Comparative Religious Studies/Question Time - John Mason


In UK there is a televised programme where panel and audience discuss and debate topical issues. The programme is called Question Time. The audience raise questions with regard to the week’s topical issues and the panel answer the questions from different perspectives.

I would like to arrange a similar event in a University with panel representing different religions and with extensive knowledge in interfaith. Probably call it Question Time – The religious perspective.

The main target audience will be:
Students studying Bachelor or Masters Degree in Theology
Students belonging to religious societies such as Christian or Islamic
Other interested students or other parties.

I appreciate any advice which you can provide in order to plan for a successful even.

At this time the relationship of Islam and other faiths, especially Christianity, then Hinduism and Buddhism, would be interesting.
Does (the particular religion) advocate a certain kind of society, a certain kind of government?
Are there ways to have religious services, simple worship or other types of event, such as a retreat, or festival celebration, that can include guests or partici[pants from other faiths?  Sometimes it seems that such meetings can become a kind of staged or special performance, and fail to show the real and normal activity of the religions involved.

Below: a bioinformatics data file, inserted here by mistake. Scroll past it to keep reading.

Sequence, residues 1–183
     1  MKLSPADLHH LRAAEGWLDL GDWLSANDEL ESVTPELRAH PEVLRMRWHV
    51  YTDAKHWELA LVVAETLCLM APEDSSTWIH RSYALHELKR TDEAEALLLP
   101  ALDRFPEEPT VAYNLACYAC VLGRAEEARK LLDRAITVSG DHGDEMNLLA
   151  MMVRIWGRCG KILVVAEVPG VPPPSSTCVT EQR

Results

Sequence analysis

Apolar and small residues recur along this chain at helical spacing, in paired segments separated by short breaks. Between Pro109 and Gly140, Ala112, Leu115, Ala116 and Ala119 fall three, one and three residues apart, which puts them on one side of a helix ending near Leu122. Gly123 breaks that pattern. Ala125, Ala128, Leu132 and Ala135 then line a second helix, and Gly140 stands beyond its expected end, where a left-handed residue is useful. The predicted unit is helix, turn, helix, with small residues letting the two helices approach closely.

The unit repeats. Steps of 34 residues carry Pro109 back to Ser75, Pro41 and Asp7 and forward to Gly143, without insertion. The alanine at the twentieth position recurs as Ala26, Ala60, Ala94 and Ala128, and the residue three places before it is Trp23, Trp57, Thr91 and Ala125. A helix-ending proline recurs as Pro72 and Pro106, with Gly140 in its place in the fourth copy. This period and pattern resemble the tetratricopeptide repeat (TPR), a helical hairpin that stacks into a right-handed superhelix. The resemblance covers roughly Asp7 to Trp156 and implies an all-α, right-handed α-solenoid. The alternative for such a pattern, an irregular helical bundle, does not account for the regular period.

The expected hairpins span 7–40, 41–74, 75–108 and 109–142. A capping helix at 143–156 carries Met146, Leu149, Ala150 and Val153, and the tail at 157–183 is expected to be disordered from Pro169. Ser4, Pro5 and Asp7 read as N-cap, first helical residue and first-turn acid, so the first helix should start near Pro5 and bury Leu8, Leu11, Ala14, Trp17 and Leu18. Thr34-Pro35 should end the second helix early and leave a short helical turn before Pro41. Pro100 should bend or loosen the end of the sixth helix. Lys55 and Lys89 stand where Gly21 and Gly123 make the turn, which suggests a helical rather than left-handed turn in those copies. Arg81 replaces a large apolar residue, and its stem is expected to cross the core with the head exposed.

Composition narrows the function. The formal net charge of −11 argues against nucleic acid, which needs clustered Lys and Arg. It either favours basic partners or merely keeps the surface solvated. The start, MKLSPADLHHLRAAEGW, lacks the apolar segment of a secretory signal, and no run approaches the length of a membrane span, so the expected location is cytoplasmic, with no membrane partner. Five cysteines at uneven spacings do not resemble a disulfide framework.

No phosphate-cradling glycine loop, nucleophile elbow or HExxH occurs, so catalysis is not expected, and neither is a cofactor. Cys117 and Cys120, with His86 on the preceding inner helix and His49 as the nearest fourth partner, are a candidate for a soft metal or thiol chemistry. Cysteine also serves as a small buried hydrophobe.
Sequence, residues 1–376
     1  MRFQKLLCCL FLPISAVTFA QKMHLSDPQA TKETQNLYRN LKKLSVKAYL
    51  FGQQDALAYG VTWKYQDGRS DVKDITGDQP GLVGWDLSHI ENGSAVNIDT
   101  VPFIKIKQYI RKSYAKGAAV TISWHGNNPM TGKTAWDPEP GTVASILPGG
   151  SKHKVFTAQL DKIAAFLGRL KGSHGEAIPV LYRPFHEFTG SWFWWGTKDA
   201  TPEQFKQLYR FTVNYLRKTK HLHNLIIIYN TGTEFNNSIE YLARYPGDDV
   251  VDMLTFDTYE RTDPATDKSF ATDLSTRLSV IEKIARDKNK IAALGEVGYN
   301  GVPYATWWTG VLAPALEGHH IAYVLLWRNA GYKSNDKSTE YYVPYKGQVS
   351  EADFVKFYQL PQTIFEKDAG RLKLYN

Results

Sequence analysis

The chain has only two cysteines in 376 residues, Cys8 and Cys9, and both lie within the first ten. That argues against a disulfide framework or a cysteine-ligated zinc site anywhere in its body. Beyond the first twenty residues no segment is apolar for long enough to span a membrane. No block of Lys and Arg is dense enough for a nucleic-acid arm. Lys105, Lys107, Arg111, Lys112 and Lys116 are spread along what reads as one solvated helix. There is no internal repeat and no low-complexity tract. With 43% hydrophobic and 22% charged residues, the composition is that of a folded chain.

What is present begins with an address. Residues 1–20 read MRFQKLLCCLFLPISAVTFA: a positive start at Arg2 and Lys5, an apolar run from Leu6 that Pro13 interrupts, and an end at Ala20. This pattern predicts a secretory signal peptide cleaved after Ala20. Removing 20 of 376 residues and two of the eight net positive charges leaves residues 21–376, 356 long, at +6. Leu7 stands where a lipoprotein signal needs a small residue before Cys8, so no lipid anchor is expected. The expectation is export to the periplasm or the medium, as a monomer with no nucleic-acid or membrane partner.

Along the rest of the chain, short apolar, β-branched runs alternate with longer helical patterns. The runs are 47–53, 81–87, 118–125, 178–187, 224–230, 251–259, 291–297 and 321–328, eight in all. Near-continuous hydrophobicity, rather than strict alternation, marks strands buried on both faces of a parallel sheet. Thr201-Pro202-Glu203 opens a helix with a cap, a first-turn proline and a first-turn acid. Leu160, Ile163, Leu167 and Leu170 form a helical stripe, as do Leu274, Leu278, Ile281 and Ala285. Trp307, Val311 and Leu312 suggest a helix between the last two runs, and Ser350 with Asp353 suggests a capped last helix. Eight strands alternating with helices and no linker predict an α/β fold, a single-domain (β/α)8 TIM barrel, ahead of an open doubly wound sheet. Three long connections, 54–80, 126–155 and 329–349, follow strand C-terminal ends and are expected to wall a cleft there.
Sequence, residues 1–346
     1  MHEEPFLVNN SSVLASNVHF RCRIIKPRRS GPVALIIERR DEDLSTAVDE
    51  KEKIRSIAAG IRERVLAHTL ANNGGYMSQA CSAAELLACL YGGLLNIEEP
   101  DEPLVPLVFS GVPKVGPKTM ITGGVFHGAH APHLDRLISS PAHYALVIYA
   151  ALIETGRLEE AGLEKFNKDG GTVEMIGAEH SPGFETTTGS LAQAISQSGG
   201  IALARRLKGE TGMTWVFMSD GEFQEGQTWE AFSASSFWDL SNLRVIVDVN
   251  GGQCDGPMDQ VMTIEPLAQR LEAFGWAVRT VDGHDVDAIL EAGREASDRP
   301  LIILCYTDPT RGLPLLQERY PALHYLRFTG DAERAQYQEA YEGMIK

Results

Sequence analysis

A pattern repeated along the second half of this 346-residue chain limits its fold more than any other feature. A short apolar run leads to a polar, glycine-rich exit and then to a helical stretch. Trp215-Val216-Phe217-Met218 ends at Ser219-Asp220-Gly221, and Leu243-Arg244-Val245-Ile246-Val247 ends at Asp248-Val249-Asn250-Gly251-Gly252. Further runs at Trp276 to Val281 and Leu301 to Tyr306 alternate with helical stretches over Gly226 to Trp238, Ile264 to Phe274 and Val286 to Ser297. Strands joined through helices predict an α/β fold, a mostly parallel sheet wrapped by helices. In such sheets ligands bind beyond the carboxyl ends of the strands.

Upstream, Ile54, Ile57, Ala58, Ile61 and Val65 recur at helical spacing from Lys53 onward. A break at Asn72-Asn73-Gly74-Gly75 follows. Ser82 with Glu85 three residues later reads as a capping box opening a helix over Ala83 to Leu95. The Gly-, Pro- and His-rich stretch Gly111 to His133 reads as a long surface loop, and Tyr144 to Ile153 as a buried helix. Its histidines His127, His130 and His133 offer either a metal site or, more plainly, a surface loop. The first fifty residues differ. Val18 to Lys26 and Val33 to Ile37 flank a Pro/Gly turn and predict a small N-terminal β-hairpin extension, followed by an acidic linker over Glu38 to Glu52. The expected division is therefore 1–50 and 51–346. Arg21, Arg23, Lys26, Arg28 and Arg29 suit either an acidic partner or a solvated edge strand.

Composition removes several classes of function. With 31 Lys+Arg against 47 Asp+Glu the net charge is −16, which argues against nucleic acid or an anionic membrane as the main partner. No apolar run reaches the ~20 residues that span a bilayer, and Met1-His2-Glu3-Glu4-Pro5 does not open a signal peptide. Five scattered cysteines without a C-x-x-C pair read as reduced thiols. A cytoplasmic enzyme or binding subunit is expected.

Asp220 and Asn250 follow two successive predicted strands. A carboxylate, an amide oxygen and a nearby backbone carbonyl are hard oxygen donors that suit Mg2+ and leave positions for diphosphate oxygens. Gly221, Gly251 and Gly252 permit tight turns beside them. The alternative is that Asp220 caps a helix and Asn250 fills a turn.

Does one of the religions under discussion have a single "world view", or typical "world views", that would include, exclude, or ignore, other faiths?
--perhaps you could ask about those with "no faith", or those who reject faith, or those who have a secular faith, e.g. the progress of science. What is the relation of these to the several religions?
Can the panelists provide their best advice about how students in theology should direct their efforts. This would include advice about how to conceive of theology, and its goal, and also advice about practices of study--how much book study, how much writing, discussion, listening, speaking; how much meditation, prayer, pilgrimage, etc. Could they talk about their own experience?
I would most recommend trying to have participants tell us what they value in their religion and try to explain to others what are its merits and benefits.

Comparative Religious Studies

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John Mason


graduate work in new testament, knowledge of hebrew, greek, latin; interest in buddhism, also cross-cultural communications. not high pressure. but not agnostic either.

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